ABSTRACT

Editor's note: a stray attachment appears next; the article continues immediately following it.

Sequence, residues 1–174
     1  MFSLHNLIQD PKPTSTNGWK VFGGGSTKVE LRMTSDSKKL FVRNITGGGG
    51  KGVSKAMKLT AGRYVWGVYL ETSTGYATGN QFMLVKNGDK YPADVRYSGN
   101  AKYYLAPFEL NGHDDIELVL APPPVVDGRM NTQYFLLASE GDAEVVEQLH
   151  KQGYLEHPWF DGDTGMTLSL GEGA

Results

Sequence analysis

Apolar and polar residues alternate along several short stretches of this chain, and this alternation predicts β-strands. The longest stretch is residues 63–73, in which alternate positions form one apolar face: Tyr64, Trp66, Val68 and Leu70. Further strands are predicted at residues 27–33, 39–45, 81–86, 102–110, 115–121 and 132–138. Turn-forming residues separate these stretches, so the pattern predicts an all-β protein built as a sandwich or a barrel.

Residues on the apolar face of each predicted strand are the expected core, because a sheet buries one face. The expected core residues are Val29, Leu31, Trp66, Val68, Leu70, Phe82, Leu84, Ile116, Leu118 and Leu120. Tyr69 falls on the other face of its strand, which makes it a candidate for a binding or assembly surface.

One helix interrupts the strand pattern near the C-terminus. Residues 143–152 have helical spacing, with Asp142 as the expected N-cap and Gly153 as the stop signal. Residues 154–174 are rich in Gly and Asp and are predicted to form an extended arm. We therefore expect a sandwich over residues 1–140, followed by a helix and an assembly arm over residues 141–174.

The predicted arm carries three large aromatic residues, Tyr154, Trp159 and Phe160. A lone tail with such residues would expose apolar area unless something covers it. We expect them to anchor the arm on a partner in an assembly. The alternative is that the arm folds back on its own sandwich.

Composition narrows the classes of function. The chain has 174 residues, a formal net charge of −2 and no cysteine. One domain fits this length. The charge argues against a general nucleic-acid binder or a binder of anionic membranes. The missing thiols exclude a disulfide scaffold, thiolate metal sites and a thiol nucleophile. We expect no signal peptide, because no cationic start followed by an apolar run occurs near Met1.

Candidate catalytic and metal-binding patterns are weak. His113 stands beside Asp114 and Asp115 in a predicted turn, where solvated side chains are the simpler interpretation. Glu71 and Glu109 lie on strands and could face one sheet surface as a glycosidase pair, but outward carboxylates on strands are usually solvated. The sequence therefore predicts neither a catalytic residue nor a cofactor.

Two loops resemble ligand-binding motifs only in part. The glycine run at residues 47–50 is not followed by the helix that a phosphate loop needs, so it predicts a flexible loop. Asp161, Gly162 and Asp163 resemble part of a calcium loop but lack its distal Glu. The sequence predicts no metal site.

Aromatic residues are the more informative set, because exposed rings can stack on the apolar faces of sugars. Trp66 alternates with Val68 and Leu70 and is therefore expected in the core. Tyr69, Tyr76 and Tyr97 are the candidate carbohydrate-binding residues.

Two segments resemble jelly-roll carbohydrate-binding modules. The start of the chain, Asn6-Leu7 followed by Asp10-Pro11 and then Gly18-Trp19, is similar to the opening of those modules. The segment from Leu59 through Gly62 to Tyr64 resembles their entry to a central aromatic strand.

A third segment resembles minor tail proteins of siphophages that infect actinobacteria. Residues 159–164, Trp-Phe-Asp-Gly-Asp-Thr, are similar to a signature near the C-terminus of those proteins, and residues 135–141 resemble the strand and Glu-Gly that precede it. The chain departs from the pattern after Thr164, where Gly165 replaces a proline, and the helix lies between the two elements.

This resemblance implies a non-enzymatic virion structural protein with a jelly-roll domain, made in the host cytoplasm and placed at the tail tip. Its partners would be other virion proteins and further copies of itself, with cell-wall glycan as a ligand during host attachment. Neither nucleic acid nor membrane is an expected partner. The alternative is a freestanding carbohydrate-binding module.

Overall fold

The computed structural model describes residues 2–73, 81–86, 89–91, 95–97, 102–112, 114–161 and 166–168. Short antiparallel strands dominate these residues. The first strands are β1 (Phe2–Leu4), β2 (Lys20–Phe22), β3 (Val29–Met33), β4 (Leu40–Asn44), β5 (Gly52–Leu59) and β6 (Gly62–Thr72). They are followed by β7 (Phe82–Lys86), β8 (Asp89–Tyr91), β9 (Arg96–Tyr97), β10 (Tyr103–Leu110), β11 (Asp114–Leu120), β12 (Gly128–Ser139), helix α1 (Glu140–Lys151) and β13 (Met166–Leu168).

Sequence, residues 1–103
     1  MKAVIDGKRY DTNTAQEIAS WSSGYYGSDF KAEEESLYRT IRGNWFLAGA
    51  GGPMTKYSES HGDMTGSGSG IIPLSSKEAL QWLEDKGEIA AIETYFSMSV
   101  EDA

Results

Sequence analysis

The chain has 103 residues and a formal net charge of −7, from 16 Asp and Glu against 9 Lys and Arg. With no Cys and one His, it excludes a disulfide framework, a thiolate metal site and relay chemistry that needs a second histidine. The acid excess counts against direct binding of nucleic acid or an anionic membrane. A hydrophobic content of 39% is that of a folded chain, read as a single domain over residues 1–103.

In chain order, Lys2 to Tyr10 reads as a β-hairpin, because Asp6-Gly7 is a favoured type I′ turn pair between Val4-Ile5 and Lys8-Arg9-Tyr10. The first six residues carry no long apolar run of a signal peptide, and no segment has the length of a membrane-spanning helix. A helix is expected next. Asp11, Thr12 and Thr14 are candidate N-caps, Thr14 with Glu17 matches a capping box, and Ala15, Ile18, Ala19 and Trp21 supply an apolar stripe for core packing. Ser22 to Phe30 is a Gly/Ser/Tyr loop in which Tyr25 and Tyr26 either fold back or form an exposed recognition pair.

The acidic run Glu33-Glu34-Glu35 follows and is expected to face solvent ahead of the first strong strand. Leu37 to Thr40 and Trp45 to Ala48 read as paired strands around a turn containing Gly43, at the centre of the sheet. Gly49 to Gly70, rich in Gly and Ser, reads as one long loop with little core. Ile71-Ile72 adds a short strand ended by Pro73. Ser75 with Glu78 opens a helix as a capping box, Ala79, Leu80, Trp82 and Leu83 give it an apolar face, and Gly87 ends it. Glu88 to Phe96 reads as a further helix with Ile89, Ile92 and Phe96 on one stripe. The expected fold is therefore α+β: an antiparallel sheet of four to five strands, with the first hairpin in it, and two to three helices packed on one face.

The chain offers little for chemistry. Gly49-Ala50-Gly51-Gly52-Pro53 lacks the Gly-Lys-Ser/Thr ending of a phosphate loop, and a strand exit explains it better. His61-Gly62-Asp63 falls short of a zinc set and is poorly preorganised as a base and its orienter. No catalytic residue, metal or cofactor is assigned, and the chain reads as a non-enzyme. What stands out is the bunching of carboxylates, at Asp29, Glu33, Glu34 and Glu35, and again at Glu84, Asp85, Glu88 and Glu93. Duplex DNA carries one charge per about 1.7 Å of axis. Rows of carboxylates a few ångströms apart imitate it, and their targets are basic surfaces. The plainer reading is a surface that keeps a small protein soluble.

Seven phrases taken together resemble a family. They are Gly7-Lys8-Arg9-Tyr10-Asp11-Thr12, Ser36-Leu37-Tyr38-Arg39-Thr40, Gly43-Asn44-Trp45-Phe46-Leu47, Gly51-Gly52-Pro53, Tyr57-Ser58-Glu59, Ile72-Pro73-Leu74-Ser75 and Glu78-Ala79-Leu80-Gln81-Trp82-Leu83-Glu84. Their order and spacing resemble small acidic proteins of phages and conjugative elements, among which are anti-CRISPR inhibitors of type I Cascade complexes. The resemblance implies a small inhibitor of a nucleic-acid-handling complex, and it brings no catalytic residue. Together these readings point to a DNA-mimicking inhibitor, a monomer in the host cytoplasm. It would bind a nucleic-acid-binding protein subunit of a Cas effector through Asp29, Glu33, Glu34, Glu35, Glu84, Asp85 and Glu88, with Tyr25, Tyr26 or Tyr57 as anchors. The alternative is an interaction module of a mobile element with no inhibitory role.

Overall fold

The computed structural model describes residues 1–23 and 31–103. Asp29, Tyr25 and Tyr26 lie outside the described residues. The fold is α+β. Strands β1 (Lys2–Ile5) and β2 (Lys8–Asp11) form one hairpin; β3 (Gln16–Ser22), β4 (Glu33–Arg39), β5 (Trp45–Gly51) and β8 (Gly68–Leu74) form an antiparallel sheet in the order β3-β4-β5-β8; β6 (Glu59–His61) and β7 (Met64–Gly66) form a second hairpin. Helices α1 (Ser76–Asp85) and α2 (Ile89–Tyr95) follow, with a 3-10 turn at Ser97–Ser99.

Microbialites are common carbonate structures in cryptic niches of marine environments throughout geological time. In this research we compare the microbialites of small bioconstructions (biostalactites) of modern submarine caves of Sicily with those developed in small crypts of Carnian patch reefs of the Dolomite Mountains (Heiligkreuz Formation, Alpe di Specie) using Raman spectroscopy, a method that allows in situ determination of the organic content of microbial components. This methodology partly solves the uncertainty of geomicrobiological studies that use bulk measurements (i.e., biomarker analyses), which make it difficult to associate mineral precipitates with a specific microbial process. In the modern marine caves, the complex biotic relationships among skeletal organisms (mainly serpulids) and microbial communities produced biostalactites in which microbially induced biomineralization is the consequence of autotrophic and chemoheterotrophic bacterial activities. Sulfate-reducing bacteria, fed by metazoan organic matter, flourish in millimetric oxygen-depleted cavities of the skeletal framework, and induce autochthonous micrite deposition and early stabilization of the biostalactites. Similar processes have been interpreted to induce the deposition of the microbialites in the Upper Triassic patch reefs of the Dolomites. These small shallow water reefs, made up mainly of scleractinian corals, sponges and red algae, hold a skeletal framework rich in millimeter- to centimeter-size cavities, ideal cryptic niches for growth of microbial communities. Specific sulfate-reducing bacteria biomarkers are first identified using bulk measurements obtained by solvent extraction. The subsequent in situ characterization of organic compounds through micro-Raman spectroscopy indicates the same biogeochemical signatures of the microbialites within the cryptic cavities of the biostalactites of modern marine caves as those inside the skeletal framework of Carnian patch reefs. These data, showing the same processes in Triassic and modern cryptic microenvironments, is evidence that the microbially mediated precipitation in confined environments is a process independent of geological time that further investigation may be able to test.

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